The 21-metre-long ichthyosaur is the centrepiece of “Triassic Giant”, an exhibit that opened in June 2008 at the Royal Tyrrell Museum in Drumheller, Alberta. The 220-million-year-old skeleton was removed from the banks of the Sikanni Chief River in north-eastern British Columbia by a field crew led by the late Elizabeth Nicholls, a Rolex Awards Laureate and former curator of marine reptiles at the museum.
The exhibit will be on display until 2010.
A Canadian-American palaeontologist and a leading authority on prehistoric marine reptiles, Dr Nicholls died of cancer in 2004. The exhibit includes a tribute to her, focusing particularly on her key role in recovering the giant sea creature.
Within months of the skeleton’s discovery in 1991, Nicholls visited the isolated site to inspect the ichthyosaur, whose size astonished the scientific community. Experts had previously assumed that marine reptiles had grown no larger than 15 metres.
Despite daunting obstacles, Dr Nicholls decided to undertake the complex task of moving the skeleton to the museum for research and investigation. The densely wooded site was two kilometres from the nearest road, and much of the heavy equipment – jackhammers, compressors and rock saws – needed for the excavation had to be flown in by helicopter. Work was only possible during summer months, as the river flooded the site for much of the year. Swarms of mosquitoes plagued workers, who also had to worry about attacks from grizzly and black bears.
According to Makoto Manabe, a Japanese palaeontologist who collaborated on the project, Dr Nicholls, known to her colleagues as Betsy, brought to the task a lifelong passion for ancient creatures. “Betsy loved fossils,” says Manabe, who is curator of fossil reptiles and birds at the National Museum of Nature and Science in Tokyo. “She started collecting fossils as a child, and was always excited about finding something new. She loved fieldwork and being outside rather than sitting in an office or a laboratory.”
During three years of excavation beginning in 1999, Dr Nicholls spent months on site supervising the delicate project, including the lifting of 4,000kg fossil-bearing limestone blocks by a giant helicopter.
“Excavating such large fossils requires a lot of management skills. There was a big team of us there, and Betsy was a really good leader. She was quick to decide what to do and precise in giving instructions. She was a good team leader, and that made it possible to get the fossils out of the rocks in that remote location,” explains Dr Manabe, who co-authored with Nicholls a 2004 report in which the two scientists dubbed the find the Shonisaurus sikanniensis.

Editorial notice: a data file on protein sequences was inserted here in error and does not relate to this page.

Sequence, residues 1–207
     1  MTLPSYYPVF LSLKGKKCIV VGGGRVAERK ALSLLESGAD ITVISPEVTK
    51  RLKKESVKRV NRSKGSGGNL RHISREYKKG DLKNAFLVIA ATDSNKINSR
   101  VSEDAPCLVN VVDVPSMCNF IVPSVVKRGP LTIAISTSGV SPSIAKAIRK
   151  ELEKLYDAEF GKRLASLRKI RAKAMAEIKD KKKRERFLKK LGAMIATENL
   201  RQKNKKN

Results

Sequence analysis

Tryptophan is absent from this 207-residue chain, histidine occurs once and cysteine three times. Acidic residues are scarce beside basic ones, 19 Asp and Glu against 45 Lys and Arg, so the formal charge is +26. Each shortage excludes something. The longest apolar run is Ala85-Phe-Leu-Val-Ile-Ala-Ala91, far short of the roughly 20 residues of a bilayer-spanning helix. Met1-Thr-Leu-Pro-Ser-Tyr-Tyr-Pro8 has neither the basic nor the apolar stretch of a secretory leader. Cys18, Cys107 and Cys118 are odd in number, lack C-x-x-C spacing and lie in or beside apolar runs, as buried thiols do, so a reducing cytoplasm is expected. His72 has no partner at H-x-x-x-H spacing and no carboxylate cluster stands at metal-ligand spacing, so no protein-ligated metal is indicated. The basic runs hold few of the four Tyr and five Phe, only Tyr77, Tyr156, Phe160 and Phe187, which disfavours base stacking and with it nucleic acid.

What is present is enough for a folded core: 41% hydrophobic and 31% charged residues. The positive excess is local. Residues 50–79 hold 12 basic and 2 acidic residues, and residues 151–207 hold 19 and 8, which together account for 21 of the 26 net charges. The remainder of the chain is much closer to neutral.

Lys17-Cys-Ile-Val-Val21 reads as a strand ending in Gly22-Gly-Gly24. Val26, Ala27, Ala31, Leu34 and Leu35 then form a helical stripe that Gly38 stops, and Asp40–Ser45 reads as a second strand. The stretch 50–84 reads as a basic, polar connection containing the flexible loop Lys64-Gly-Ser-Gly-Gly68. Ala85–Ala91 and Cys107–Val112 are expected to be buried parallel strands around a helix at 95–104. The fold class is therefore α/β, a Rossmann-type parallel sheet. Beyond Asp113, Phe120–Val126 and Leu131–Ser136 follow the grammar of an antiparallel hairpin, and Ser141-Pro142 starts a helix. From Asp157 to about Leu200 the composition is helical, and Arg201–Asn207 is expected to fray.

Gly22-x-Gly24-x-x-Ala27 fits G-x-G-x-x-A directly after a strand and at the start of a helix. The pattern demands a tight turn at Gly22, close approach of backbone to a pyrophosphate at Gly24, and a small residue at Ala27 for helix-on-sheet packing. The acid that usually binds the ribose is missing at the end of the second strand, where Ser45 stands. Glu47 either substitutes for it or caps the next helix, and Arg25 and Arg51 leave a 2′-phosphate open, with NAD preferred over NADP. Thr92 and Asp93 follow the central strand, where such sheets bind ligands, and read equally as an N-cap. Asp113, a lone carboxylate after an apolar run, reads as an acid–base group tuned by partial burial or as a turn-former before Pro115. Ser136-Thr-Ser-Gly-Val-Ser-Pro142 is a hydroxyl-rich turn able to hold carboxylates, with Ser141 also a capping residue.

Don Brinkman, the senior curator at the Royal Tyrrell Museum and assistant director in charge of collections, preservation and research, says his late colleague had the right skill set for the task of bringing the marine reptile out of the wilderness. “She was a strong environmentalist and she could think through a question very clearly. She tended to bring people together both socially and scientifically.”
Her singular dedication to the project won Dr Nicholls widespread praise. Gilbert M. Grosvenor, chair of the board of trustees of the National Geographic Society and a member of the Rolex Awards Selection Committee that chose Dr Nicholls’ project in 2000, says that while other palaeontologists could have recognized the uniqueness of the discovery, “very few would possess the creativity, mechanical skills and determination to excavate this gigantic 220-million-year old specimen from a limestone grave.”
Funds from Dr Nicholls’ Rolex Award paid for the transport of the fossils to the museum and the subsequent laboratory work necessary to prepare them for public viewing.
“Without Rolex, we couldn’t have completed the excavation and study,” Manabe says. “We would have had to stop in the middle and left the rest of the fossils at the site.”
The exhibit features a life-size silhouette of Shonisaurus sikanniensis on the exhibit hall floor, with segments of the original specimen set atop it. A diorama along one wall presents an imaginary view of the animal swimming underwater.
Photographs of the recovery site, provided courtesy of the Rolex Awards Secretariat, help visitors understand the logistical difficulties that Dr Nicholls and her colleagues had to overcome in the wilderness.
Dr Manabe, whose own museum contains a life-size cast of the posterior section of the ichthyosaur’s head, measuring 2.4m in length and 1.8m in width, says studies of the fossil remains have raised new questions about the ancient reptile. He and Dr Nicholls travelled to Nevada to inspect a smaller species of Shonisaurus that had been found there. They found that sub-adult individuals had big teeth while adult individuals did not have the teeth at all. The remains of the Canadian Shonisaurus showed no signs of teeth.
The differences between the two, Manabe says, have led to conclusions that the larger animal might have had teeth in its early life, but then lost them as it matured. He believes the animal could have developed a baleen-like filter, similar to modern marine mammals like the blue whale (the largest animal ever to have existed), or possibly had a beak with some sort of hard material that served to pinch prey. Further studies of the recovered fossils might offer greater insight into the life of the ancient creature.
For more information about the “Triassic Giant” exhibit, visit tyrrellmuseum.comLearn more about Elizabeth Nicholls